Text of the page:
tween organisms in an ecosystem range from predation and parasitism to various forms of coop-elation and synergy. Much the same can be said of firms in an economy.


A moment's thought should convince the reader that if the stock in any compartment changes, the stock in at least one other compartment must also change.


Another kind of primitive marine organism apparently used hydrogen sulfide as an energy source. The sulfur, released as a waste, combined with the dissolved iron and precipitated out as iron sulfide (pyrites).


However, this statement is not true for greenhouse gases in the atmosphere. Already the concentration of carbon dioxide has increased 20 percent since preindustrial times, while the concentration of methane is up 50 percent. The most potent greenhouse gases of all, chlorofluorocarbons, do not exist in nature at all.


The special case of indefinite storage in deep underground mines, wells, or caverns, currently being considered for nuclear wastes, is not really applicable to industrial or consumer wastes except in very special and rare circumstances. Surface landfills, no matter how well designed, are hardly permanent repositories, although little consideration has been given to the long-run disposal of leachates.


The reserve-to-production ratio has remained close to 20 years. For example, this figure was widely published in the 1920s by Graf, as cited by Rogner (1987).


This need not be true for each individual element, however. A major materials substitution within a sector can result in the use of one material increasing, at the expense of others, of course. The substitution of plastics for many structural materials, or of synthetic rubber for natural rubber, would exemplify this sort of substitution. Currently, glass fibers are in the process of substituting for copper wire as the major carrier of telephonic communications.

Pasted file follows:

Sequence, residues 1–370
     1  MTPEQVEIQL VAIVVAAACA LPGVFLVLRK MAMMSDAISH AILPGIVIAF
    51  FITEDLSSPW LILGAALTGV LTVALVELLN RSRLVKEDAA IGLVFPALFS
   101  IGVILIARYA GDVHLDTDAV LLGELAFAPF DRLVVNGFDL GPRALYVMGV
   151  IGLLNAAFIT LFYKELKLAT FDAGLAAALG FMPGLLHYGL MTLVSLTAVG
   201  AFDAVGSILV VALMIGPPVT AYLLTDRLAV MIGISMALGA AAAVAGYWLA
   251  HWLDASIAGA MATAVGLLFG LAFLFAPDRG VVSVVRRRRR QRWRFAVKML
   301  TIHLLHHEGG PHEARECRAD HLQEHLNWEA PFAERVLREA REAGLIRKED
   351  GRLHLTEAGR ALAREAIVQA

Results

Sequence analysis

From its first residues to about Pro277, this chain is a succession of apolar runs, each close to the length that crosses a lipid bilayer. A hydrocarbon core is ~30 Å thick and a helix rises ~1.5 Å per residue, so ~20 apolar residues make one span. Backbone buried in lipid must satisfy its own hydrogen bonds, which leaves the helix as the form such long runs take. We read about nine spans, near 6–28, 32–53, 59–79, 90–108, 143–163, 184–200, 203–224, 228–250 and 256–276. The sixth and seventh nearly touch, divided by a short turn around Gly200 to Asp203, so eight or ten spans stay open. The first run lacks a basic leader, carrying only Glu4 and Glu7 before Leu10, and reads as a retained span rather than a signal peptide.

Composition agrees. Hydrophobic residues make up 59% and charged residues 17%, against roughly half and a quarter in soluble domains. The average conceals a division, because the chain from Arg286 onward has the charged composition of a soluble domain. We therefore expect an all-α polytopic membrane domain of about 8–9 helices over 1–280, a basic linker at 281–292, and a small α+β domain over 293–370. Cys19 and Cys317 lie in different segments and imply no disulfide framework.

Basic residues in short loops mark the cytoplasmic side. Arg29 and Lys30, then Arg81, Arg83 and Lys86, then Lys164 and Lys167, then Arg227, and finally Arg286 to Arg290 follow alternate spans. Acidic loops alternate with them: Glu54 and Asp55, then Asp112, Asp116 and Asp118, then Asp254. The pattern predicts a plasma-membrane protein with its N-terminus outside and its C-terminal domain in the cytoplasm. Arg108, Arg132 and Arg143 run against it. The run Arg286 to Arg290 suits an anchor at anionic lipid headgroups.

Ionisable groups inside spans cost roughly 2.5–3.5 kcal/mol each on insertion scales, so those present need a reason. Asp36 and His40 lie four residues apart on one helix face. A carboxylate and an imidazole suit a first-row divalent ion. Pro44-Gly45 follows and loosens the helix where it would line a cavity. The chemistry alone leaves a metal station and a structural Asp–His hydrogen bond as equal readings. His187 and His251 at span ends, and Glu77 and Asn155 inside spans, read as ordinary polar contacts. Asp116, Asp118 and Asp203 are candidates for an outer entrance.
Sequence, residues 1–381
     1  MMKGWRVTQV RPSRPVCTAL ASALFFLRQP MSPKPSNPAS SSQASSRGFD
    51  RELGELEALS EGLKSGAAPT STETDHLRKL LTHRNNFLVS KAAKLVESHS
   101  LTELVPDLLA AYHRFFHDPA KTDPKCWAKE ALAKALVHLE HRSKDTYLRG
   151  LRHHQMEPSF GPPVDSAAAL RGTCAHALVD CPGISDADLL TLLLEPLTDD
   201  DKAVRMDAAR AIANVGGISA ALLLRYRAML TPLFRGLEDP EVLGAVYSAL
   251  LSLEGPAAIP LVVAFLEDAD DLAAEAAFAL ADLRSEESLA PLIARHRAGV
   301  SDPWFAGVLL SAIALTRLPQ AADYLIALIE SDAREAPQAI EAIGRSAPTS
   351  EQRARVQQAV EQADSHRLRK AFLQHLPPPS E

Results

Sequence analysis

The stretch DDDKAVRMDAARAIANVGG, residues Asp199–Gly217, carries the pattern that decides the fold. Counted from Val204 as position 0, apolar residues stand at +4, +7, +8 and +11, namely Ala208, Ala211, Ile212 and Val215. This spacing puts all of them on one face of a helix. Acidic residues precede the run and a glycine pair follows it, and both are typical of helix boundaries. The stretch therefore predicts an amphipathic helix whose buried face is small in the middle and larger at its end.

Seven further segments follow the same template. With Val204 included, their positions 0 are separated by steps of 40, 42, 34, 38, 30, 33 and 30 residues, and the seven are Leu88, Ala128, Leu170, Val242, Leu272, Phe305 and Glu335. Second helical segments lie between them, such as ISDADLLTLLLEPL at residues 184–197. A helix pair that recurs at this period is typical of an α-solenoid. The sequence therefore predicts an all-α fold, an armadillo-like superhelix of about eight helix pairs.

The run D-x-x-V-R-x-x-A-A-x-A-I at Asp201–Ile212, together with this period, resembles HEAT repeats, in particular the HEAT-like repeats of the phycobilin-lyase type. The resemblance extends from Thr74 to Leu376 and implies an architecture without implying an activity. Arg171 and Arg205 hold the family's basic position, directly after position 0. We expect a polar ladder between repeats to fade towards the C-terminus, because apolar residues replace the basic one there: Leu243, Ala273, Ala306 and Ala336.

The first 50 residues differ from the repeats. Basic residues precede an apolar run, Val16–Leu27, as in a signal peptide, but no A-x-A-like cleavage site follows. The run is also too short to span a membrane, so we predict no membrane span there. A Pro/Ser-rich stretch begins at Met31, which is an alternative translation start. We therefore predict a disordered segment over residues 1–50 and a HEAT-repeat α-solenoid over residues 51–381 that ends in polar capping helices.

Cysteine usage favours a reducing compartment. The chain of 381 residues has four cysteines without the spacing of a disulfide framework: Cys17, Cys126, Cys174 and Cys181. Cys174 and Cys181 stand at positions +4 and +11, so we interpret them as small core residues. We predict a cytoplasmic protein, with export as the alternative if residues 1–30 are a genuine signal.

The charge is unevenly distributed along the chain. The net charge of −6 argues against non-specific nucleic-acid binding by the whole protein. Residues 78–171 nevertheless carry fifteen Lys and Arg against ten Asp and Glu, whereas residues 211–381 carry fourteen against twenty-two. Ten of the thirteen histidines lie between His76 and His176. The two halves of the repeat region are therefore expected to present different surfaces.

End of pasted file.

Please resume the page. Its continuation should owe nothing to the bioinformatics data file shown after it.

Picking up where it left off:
The analogous problem is beginning to be recognized in the private sector, as the legacy of Frederick Taylor is finally being challenged by new managerial/organizational forms. The large U.S. firms, which adopted Taylorism first and most enthusiastically at the beginning of the twentieth century, have been the slowest to adapt themselves to the new environment of intense international competition and faster technological change.


Ayres, Robert U. 1988. Self organization in biology and economics. International Journal on the Unity of the Sciences 1(3)(Fall) [also IIASA Research Report #RR-88-1, 1988].

Ayres, Robert U., and Allen V. Kneese. 1969. Production, Consumption and Externalities. American Economic Review, June [Reprinted in Benchmark Papers in Electrical Engineering and Computer Science, Daltz and Pentell, eds., Dowden, Hutchison and Ross, Stroudsberg 1974 and Bobbs-Merrill Reprint Series, N.Y.].

Ayres, Robert U., and Allen V. Kneese. 1989. Externalities: Economics and thermodynamics. In Economy and Ecology: Towards Sustainable Development, Archibugi and Nijkamp, eds. Netherlands: Kluwer Academic Publishers.

Georgescu-Roegen, Nicholas. 1971. The Entropy Law and the Economic Process. Cambridge, Mass.: Harvard University Press.

Institute of Scrap Recycling Industries. 1988. Facts—1987 Yearbook. Washington, D.C.: Institute of Scrap Recycling Industries.

Nriagu, J. O. 1990. Global metal pollution. Environment 32(7):7-32.

Rogner, Hans-Holger. 1987. Energy in the world: The present situation and future options. In Proceedings of the 17th International Congress of Refrigeration, August 24-28, 1987.

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